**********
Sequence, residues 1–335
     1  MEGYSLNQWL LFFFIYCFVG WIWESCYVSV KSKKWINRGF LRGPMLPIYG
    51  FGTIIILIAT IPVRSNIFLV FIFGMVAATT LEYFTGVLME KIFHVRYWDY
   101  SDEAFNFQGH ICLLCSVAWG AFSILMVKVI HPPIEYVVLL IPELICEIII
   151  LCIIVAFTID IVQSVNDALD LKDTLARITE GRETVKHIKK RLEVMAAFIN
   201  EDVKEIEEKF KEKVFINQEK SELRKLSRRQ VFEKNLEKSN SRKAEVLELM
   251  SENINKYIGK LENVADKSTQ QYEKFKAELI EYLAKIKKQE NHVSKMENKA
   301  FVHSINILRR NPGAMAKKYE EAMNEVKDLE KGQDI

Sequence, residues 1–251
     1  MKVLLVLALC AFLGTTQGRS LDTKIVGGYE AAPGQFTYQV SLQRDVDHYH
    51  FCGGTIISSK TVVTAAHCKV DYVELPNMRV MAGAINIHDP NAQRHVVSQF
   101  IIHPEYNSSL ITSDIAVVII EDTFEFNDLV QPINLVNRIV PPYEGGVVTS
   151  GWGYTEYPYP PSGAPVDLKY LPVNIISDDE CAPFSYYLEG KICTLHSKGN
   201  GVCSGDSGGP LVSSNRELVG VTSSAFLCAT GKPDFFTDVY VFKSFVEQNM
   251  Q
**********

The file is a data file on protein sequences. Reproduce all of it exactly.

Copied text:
Sequence, residues 1–335
     1  MEGYSLNQWL LFFFIYCFVG WIWESCYVSV KSKKWINRGF LRGPMLPIYG
    51  FGTIIILIAT IPVRSNIFLV FIFGMVAATT LEYFTGVLME KIFHVRYWDY
   101  SDEAFNFQGH ICLLCSVAWG AFSILMVKVI HPPIEYVVLL IPELICEIII
   151  LCIIVAFTID IVQSVNDALD LKDTLARITE GRETVKHIKK RLEVMAAFIN
   201  EDVKEIEEKF KEKVFINQEK SELRKLSRRQ VFEKNLEKSN SRKAEVLELM
   251  SENINKYIGK LENVADKSTQ QYEKFKAELI EYLAKIKKQE NHVSKMENKA
   301  FVHSINILRR NPGAMAKKYE EAMNEVKDLE KGQDI

Sequence, residues 1–251
     1  MKVLLVLALC AFLGTTQGRS LDTKIVGGYE AAPGQFTYQV SLQRDVDHYH
    51  FCGGTIISSK TVVTAAHCKV DYVELPNMRV MAGAINIHDP NAQRHVVSQF
   101  IIHPEYNSSL ITSDIAVVII EDTFEFNDLV QPINLVNRIV PPYEGGVVTS
   151  GWGYTEYPYP PSGAPVDLKY LPVNIISDDE CAPFSYYLEG KICTLHSKGN
   201  GVCSGDSGGP LVSSNRELVG VTSSAFLCAT GKPDFFTDVY VFKSFVEQNM
   251  Q